The Juneau man whose lawsuit effectively brought the Alaska State Legislature back to the Capitol will not be taking legal action against bills passed this week, his lawyer Joe Geldhof said.
On May 14, Eric Forrer of Juneau submitted a lawsuit against the Department of Revenue Commissioner Lucinda Mahoney for allegedly violating the state constitution by allowing the governor to make an appropriation through the RPL process.
Not long after Forrer submitted his lawsuit Thursday, lawmakers were instructed by caucus leaders to return to the Capitol by Monday.
The RPL process allows the governor to add money to certain programs while the Legislature is not in session. Gov. Mike Dunleavy tried to avoid bringing lawmakers back to Juneau by proposing distributing over $1 billion in federal COVID-19 relief money using the process.
However, RPLs can only add money to programs which already have the legal ability to get federal funds, making RPLs appropriate for some programs, such as school-related programs which already receive federal money annually, but inappropriate for state programs like small business loans or revenue sharing.
Legislative lawyers had warned the Legislative Budget and Audit Committee about potential legal challenges, but the governor and the majority of lawmakers agreed RPLs were the fastest way to distribute the much needed federal funds.
Forrer and Geldhof argue that even during an emergency, the state constitution cannot be circumvented, and called for lawmakers to come back to Juneau to make the appropriation according to the constitution.
When lawmakers met in Juneau Tuesday, they passed a bill to ratify the governor’s distributions, not to appropriate the money themselves. Legislative leaders who crafted the bill said they chose ratification because it satisfies all the issues raised by Forrer’s lawsuit, without getting the Legislature bogged down in partisan politics.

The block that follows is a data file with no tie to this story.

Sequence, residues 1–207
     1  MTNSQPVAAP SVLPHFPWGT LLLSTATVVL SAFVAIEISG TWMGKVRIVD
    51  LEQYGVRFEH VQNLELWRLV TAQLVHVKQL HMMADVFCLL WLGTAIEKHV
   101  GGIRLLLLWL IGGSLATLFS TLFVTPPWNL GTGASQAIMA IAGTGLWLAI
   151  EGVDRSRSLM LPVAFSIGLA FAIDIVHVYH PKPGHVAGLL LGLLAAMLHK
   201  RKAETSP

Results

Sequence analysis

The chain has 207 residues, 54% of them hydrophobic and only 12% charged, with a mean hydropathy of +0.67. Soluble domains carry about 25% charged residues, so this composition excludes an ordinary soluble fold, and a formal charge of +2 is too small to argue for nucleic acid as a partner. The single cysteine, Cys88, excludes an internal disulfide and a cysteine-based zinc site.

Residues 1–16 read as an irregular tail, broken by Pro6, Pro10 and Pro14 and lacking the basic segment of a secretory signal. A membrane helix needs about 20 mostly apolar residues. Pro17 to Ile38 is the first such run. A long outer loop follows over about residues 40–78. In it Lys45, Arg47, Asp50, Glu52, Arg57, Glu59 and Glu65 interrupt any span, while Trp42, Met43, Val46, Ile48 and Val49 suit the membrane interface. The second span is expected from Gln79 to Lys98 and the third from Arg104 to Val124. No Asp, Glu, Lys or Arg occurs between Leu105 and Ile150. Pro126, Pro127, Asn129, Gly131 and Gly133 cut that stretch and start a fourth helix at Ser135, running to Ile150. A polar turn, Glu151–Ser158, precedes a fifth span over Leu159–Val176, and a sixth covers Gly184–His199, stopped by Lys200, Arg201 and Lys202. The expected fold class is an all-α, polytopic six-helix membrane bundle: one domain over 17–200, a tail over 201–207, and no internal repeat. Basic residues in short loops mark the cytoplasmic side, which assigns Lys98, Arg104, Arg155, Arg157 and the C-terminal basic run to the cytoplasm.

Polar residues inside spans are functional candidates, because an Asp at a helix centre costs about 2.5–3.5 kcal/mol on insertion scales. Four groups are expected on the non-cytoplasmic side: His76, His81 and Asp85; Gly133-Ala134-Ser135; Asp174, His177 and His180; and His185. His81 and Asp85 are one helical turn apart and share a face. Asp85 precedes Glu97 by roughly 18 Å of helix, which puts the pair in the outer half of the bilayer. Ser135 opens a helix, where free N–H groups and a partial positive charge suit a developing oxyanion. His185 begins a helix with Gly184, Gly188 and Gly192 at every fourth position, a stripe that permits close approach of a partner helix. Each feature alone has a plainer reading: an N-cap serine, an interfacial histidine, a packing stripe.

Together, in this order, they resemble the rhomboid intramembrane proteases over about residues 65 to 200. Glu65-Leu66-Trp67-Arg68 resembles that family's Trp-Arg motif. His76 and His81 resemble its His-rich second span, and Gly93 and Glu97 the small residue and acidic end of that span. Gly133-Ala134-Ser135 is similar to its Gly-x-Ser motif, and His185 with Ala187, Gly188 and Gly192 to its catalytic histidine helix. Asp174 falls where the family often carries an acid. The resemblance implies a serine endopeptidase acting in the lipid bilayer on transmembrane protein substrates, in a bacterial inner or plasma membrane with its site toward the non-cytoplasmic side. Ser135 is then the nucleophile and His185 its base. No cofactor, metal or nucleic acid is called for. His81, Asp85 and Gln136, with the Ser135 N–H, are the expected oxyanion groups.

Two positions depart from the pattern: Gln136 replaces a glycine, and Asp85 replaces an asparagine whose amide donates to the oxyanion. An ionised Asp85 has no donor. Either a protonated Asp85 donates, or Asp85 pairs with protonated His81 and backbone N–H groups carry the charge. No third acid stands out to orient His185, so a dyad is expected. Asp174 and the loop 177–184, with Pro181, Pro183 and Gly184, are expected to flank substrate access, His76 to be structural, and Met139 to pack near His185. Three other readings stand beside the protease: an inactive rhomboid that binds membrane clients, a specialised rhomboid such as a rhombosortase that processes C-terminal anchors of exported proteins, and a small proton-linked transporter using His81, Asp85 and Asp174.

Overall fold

“Going through an appropriation process would have been similar to the budget process,”said Senate President Cathy Giessel, R-Anchorage. “It would have been a 30-day process. Always the goal was to get the money to Alaskans as soon as possible.”
Giessel said lawmakers had been careful when drafting their ratification bill, using a 1987 state Supreme Court case concerning RPLs, State of Alaska v. Fairbanks North Star Borough, as a guide.
Tuesday morning Geldhof told the Empire Forrer had instructed him not to pursue an injunction against the Legislature’s ratification, even as they found lawmakers’ actions insufficient.
“It is obviously inconsistent with the normal constitutional requirements,” Geldhof said. “They didn’t make the expenditure. They’re ratifying nothing, and they think that’s good enough. There is an open legal question.”
But even with the less-than-satisfactory outcome, Geldhof said Forrer didn’t want to get in the way of the distribution of money people are desperately waiting for.
Forrer “is not going to contest the unconstitutional actions by the Legislature,” Geldhof said.
Geldhof said Forrer was willing to accept Tuesday’s action over the approval of RPLs last week despite considering both to be unconstitutional because Forrer did not want to intervene in the business of the Legislature.
“We got them here, got them into session, he’s satisfied that they convened, he’s satisfied that they acted,” Geldhof said.
Although Geldhof said no legal action would be taken regarding the ratification bill, the lawsuit would be kept open.
“We’re not going to have that argument in the next day or two,” Geldhof said. “We will sort out what they did, the constitutionality of it, down the trail.”
Contact reporter Peter Segall at email@example.com. Follow him on Twitter at @SegallJnoEmpire.